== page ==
/takes off bowler hat, wipes brow with back of wrist
Well, ain't that somethin'.
Team OPS+: 100
Team ERA+: 120
Best record in baseball, you know. Edit: Well, they had it at the start of Thursday. Now the Pirates have it. My mistake. Winners of 13 in a row.
As usual, the Braves are making relievers out of mud and sticks, and they're posting sub-2.00 ERA's. Jonny Venters isn't hurt. He was just re-assimilated into the reliever slurry the Braves are constantly tending.
The loss of Tim Hudson hurts a bit, but replacement Alex Wood is more than competent. The biggest news, though, is that Jason Heyward is starting to hit. A healthy, productive Heyward means more to the Braves than any flashy deadline acquisition possibly could have.
Team OPS+: 99
It's true, it's true. The Pirates are filled with strikeout mavens and control monsters, and the Francisco Liriano signing was incredibly inspired and fortuitous. This always bears repeating: The Pirates started the season with Jonathan Sanchez in the rotation. They weren't even playing Truth or Dare. They did it on purpose. And here the Pirates are, one of the very best pitching teams in either league.
An aside: Francisco Liriano has thrown 103 innings for the Pirates. He's allowed 23 runs. Sanchez threw 14 innings for the Pirates. He allowed 18 runs.
But can they be the best team in baseball? With a hot Andrew McCutchen, a benched Clint Barmes, and a healthy A.J. Burnett, they might be. It's hard to accept, but they've made the final seven. And for good reason.
Check this out:
Luuuuuuck. Fluuuuuuuuke. It's a good team. A really good, complete team. But their Pythagorean record is 71-42 because of all the runs they've scored, but they shouldn't have scored that many. They're splitting twos and getting nines way more than they should.
Right now, there's a Cardinals fan who is really angry. He's giving me that look. I know that look. It's the look Orioles fans gave me last year when I pointed out that their record in one-run and extra-inning games was unsustainable. It's adorable. But if the Cardinals have really figured out a way to hit .330 with runners in scoring position, they're going to make the playoffs for the next 100 years.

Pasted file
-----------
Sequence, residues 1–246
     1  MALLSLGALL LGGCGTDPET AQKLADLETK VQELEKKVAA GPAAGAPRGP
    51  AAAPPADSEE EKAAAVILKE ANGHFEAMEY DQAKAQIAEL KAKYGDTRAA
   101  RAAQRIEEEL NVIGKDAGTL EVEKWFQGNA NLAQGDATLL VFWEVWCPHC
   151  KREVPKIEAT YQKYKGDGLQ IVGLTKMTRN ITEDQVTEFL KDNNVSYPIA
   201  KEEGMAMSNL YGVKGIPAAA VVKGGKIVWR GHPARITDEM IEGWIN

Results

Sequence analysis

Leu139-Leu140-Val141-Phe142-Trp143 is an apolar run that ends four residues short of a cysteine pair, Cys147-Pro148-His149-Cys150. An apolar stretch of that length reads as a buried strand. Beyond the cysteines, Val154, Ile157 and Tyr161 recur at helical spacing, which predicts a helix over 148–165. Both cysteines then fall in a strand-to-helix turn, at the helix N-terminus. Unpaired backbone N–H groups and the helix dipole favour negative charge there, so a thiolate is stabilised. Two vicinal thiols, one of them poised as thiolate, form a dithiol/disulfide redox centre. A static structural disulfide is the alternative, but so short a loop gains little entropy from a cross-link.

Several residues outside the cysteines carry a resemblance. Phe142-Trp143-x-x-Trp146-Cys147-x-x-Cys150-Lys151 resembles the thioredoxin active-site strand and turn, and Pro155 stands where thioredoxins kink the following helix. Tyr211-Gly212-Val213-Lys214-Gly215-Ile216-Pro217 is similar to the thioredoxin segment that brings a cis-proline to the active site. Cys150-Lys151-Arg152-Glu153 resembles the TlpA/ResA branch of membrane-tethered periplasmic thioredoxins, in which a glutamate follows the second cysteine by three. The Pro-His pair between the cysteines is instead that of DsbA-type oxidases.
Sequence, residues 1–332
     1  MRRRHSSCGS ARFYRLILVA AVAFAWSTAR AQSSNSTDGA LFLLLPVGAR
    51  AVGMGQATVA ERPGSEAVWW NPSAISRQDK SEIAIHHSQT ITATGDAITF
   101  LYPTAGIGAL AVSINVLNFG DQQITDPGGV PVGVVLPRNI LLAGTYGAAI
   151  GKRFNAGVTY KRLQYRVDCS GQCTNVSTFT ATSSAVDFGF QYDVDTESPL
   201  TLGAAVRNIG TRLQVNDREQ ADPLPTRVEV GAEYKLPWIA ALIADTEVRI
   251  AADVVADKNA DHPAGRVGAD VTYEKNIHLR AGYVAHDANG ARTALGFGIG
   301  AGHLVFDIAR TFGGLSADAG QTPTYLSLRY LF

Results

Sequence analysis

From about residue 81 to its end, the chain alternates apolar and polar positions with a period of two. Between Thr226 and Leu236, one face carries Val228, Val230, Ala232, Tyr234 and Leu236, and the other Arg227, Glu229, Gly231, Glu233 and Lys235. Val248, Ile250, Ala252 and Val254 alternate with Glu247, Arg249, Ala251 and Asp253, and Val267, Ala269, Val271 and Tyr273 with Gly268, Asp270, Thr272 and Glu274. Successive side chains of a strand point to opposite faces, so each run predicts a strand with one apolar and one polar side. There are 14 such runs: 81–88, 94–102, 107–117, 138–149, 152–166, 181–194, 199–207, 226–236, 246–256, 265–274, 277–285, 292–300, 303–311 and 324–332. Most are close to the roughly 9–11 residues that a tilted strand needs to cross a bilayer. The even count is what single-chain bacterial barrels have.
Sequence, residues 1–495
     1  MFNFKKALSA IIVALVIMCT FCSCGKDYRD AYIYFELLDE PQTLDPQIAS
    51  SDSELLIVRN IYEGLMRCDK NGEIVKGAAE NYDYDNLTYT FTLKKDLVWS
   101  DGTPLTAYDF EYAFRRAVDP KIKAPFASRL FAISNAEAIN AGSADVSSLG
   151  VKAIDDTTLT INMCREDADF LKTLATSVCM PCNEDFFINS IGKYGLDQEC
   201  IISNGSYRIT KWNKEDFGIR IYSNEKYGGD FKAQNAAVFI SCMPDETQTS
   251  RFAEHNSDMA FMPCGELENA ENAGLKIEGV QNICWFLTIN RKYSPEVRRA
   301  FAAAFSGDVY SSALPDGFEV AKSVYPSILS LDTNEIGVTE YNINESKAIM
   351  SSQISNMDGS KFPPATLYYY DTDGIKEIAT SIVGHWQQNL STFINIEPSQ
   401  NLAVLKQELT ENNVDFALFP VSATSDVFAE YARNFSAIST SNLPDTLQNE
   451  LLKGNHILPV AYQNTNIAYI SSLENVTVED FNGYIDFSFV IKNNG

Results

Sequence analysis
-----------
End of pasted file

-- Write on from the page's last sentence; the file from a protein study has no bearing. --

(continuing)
As is, they're still one of the very best teams in baseball, and I'm tempted to pick them. But that scoring-position business … I feel like I'm Sinatra talking to the commies. Knock it off, or it's ring-a-ding-ding for you bozos.
Team OPS+: 103
The rough start still counts, and the Dodgers' Pythagorean record is just 59-54. They've been a juggernaut lately, but not for the whole season. Also I dislike them, and I'm biased. But Clayton Kershaw is the best pitcher in the game, and Zack Greinke and Hyun-Jin Ryu have been excellent. Hanley Ramirez remembered how to hit, and Yasiel Puig is standing behind you right now, about to hit your head with a bat and run into a wall.
They were up there, for a lot of folks, with the Blue Jays and Nationals before the season started. And for the first two months, they were in the gutter with the other underachievers. Goodness, what a turnaround.
So pick one. Just one. Your team to finish out the year.
I wouldn't have written this if I knew I'd spend an hour deliberating on the answer. But gimme the Tigers. Even with Jhonny Peralta suspended for much of the year, and even with an offense that's underperforming. The top four of the rotation are a compelling-enough reason, and they also have the best hitter in baseball.
Which means nothing on October 1. But if you twist my arm right now, I'd figure the Tigers are the best team in baseball. It takes a real maverick to say that sort of thing during a 12-game winning streak. But I'm willing to take that risk.